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​Post-Death Planning to Maximize Utilization of Exemption and Effect Dispositive Intent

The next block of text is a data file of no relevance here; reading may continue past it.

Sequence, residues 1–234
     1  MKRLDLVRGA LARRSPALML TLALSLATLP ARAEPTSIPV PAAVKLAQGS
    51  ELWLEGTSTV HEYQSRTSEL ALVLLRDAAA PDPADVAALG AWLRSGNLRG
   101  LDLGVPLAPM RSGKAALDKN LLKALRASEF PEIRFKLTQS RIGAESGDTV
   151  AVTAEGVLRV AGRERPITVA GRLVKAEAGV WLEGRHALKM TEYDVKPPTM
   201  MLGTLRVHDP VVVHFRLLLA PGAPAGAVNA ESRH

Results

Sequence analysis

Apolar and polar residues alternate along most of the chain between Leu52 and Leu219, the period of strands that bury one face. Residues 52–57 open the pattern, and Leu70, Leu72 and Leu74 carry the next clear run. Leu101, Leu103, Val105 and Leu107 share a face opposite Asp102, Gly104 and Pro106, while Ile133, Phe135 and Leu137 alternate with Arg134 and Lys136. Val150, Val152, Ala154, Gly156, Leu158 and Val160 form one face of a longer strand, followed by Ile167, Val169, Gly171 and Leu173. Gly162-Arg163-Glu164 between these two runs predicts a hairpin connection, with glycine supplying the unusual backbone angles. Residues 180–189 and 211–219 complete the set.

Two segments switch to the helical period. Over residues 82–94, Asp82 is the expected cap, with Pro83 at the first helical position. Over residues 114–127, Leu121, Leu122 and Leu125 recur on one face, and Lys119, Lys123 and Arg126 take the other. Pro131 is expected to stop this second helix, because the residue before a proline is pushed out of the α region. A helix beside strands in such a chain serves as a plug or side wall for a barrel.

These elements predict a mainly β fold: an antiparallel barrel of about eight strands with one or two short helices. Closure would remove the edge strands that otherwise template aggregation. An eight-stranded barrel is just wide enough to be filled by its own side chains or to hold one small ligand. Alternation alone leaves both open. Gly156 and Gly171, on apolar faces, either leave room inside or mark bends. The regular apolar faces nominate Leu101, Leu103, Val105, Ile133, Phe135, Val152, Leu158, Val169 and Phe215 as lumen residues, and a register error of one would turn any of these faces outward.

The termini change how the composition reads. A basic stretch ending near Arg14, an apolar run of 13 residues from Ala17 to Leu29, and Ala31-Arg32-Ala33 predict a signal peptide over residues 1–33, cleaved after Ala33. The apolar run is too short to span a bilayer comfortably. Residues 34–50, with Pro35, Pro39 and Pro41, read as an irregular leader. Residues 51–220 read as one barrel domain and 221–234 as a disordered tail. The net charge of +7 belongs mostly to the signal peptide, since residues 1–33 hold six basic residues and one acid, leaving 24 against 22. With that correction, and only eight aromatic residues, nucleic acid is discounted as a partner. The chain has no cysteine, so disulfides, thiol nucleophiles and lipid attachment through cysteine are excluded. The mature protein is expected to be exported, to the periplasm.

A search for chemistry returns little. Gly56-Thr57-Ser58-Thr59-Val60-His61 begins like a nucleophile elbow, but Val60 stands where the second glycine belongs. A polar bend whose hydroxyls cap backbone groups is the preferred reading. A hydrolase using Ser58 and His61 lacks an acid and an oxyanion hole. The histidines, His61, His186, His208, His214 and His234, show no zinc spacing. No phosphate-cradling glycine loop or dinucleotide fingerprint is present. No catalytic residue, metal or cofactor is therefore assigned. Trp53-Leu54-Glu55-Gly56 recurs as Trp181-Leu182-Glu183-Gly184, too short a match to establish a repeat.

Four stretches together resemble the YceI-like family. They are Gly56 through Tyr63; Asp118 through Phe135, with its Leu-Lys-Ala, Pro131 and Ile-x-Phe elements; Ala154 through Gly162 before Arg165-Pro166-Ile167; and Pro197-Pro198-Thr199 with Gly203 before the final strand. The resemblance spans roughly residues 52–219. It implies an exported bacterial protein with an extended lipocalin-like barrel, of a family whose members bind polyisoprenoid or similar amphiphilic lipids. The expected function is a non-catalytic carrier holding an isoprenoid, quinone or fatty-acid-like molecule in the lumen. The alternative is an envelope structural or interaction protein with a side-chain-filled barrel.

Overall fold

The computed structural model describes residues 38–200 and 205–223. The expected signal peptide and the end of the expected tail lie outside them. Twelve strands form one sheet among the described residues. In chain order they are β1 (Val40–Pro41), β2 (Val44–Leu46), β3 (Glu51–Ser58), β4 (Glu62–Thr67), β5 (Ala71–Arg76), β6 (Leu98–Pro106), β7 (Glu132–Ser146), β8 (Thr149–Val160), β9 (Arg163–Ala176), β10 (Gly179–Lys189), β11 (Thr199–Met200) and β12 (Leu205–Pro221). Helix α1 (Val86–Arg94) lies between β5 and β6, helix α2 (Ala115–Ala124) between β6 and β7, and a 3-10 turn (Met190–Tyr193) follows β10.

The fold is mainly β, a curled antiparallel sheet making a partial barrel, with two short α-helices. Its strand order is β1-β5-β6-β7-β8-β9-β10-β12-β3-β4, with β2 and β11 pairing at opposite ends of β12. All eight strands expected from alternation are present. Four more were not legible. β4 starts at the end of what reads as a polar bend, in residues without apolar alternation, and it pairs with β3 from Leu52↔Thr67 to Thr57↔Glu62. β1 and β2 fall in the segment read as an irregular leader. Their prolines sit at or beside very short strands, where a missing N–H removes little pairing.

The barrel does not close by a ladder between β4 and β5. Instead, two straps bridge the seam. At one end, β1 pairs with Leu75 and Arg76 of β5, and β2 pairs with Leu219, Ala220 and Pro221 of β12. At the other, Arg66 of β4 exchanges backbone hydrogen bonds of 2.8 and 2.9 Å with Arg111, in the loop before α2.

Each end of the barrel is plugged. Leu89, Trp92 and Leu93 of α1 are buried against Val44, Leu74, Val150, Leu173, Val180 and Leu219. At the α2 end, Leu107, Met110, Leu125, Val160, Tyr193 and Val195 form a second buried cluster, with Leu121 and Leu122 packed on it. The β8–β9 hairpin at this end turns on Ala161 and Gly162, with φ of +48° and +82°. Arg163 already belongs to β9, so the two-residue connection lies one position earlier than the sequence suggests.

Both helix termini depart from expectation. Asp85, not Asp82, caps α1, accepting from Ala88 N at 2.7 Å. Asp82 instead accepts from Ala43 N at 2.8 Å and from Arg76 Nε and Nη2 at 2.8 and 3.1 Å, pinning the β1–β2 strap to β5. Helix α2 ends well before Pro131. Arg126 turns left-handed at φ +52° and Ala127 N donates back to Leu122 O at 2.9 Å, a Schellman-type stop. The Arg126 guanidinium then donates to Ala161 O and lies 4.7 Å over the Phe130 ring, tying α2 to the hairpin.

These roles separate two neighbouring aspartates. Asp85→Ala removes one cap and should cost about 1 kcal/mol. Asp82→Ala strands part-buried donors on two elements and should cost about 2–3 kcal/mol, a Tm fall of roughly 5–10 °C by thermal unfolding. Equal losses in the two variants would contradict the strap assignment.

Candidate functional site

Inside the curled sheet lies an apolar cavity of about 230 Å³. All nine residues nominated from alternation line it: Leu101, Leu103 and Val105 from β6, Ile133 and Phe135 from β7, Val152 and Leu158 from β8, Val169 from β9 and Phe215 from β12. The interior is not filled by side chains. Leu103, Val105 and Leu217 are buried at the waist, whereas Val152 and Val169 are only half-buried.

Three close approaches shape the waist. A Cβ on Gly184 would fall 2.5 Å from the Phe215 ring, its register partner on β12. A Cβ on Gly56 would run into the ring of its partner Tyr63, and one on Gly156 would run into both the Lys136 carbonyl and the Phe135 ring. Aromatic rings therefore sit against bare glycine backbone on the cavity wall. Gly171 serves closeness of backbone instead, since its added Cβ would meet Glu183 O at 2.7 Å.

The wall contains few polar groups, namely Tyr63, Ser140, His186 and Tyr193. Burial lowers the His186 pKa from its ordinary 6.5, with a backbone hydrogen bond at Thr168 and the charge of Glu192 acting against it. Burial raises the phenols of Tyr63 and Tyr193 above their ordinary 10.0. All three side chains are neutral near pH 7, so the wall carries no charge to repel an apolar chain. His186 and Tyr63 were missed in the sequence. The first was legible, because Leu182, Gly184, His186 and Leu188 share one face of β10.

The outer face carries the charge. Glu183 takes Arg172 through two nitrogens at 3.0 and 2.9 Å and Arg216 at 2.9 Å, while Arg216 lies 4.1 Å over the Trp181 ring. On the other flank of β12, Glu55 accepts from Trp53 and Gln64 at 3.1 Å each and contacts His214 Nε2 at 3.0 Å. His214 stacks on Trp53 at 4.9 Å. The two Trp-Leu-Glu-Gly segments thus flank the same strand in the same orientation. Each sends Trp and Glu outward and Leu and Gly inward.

New clients contacted us about updating their estate plan—they were elderly, and the husband had been diagnosed with early stages of Alzheimer’s Disease. The couple did not have any children, so under their estate-planning documents, they were leaving their assets, after a life estate for the survivor of them, to their respective extended families. At the time of the initial meeting, substantially all their assets were owned jointly; then, approximately a week after the initial conference, and before any planning was implemented, the husband committed suicide. The team discussed with the wife her right to disclaim some of the joint assets, in order to utilize a portion of her husband's applicable exclusion and also to cause a portion of their assets to pass ultimately to her husband’s family under his documents. We prepared different scenarios, illustrating the ultimate tax payable and ultimate distributions to family members if the wife disclaimed portions or all of her husband's interest in their joint property. The widow then chose to disclaim, and the husband's desires to benefit his family were accomplished.

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